A Scottish health board has been ordered to pay for a patient’s private surgery after failing to operate despite two emergency admissions and them being in “excruciating pain”.
NHS Fife apologised for the “unreasonable delay” in organising the gallbladder operation when it should have been carried out as a high priority.
The individual, referred to in a Scottish Public Services Ombudsman report as C, experienced “chronic and excruciating pain” after being taken into hospital twice.
A colorectal surgeon, advising the Ombudsman, said C should have been offered an early appointment for surgery once their inflammation had settled.
But instead, “due to an administrative error”, there was no follow-up appointment after the first emergency admission and C was put on the waiting list after the second admission with “no indication as to when their surgery would take place”.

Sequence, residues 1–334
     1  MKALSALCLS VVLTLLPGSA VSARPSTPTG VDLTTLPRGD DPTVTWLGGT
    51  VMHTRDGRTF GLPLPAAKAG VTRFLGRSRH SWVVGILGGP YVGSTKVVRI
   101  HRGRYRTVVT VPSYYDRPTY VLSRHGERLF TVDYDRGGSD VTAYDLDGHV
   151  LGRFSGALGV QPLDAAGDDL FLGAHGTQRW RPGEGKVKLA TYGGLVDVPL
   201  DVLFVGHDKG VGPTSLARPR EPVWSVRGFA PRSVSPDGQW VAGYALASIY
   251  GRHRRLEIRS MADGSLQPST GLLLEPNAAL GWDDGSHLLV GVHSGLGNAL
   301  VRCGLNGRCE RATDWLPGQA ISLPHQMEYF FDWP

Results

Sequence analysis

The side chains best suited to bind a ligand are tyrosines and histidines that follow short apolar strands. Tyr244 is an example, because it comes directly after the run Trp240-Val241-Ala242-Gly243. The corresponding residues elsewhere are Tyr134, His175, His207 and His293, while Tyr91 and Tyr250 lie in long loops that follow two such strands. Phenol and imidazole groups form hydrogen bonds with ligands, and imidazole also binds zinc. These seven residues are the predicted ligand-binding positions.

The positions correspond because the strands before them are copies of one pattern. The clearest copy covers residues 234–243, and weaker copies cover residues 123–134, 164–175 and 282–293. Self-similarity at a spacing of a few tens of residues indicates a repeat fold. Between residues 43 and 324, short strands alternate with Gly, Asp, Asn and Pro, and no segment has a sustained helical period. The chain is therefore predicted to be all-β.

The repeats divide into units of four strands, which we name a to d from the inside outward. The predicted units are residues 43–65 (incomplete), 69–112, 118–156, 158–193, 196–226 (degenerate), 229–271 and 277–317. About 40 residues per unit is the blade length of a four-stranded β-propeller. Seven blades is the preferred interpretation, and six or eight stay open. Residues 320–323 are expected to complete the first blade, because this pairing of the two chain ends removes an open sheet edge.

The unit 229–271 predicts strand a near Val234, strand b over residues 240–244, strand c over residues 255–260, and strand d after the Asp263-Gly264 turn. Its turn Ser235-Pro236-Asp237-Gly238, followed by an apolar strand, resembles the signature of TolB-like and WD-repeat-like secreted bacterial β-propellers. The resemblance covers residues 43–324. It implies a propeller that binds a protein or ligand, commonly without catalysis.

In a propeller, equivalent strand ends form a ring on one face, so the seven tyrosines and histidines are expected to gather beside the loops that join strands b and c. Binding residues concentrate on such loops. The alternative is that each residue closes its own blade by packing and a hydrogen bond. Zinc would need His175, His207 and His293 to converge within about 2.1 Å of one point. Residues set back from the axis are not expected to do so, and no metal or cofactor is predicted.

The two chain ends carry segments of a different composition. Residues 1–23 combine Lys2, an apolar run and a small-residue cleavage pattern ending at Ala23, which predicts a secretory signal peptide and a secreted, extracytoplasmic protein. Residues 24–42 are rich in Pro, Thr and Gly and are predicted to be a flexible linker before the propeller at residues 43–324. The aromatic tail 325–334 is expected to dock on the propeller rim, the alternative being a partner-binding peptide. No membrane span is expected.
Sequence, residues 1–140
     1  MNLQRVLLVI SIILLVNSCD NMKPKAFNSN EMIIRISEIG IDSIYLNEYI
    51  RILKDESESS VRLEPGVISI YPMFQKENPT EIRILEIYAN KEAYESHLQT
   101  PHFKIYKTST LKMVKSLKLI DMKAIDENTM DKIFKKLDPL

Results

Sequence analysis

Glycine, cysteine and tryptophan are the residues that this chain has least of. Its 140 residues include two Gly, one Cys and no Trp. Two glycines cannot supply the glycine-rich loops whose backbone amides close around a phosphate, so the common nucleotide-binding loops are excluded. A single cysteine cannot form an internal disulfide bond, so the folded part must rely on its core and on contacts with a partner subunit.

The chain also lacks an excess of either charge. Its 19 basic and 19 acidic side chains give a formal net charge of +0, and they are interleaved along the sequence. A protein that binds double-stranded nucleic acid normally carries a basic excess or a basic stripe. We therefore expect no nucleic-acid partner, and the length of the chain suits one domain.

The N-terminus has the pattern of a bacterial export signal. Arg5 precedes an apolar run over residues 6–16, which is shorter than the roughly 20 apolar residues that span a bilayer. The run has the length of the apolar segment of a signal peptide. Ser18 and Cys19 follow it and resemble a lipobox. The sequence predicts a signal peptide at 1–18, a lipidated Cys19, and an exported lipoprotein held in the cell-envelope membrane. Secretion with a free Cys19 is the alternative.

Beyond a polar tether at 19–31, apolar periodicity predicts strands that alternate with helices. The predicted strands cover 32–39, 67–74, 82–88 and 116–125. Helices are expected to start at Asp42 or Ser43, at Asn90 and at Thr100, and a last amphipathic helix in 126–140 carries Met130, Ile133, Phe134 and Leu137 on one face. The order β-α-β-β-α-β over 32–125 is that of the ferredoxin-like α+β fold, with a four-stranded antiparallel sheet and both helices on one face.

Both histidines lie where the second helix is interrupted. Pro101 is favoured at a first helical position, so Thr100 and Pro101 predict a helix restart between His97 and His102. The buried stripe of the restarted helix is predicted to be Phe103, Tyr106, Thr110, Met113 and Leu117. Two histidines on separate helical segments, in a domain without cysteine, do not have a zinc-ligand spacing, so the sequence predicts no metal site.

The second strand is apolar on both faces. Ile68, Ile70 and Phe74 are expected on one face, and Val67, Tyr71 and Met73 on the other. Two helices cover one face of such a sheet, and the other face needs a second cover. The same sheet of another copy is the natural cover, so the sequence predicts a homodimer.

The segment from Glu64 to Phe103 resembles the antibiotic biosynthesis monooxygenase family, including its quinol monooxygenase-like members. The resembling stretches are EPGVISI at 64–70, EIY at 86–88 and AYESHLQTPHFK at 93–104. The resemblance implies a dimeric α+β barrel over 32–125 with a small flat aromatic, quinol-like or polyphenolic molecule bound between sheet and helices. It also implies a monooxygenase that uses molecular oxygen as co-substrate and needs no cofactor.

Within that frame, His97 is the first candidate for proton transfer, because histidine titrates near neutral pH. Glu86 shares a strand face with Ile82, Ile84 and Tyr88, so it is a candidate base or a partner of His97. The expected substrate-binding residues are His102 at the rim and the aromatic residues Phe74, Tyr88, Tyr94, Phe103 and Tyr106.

The Ombudsman found that the cost of C’s private treatment was partly down “the board’s failings” and said that they should be reimbursed the value of the surgery at the amount it would have cost the board to perform the gallbladder removal.
NHS Fife director of nursing Janette Owens said: “Our aim is always to provide patients in Fife with the best possible care and treatment, however, in this instance we recognise that we fell short of these standards.
”We accept the findings of the Ombudsman and have enacted their recommendations, including apologising formally to the individual involved.
“Measures have also been put in place to limit the opportunity for the issue being repeated in future, particularly in more complex cases such as this.”
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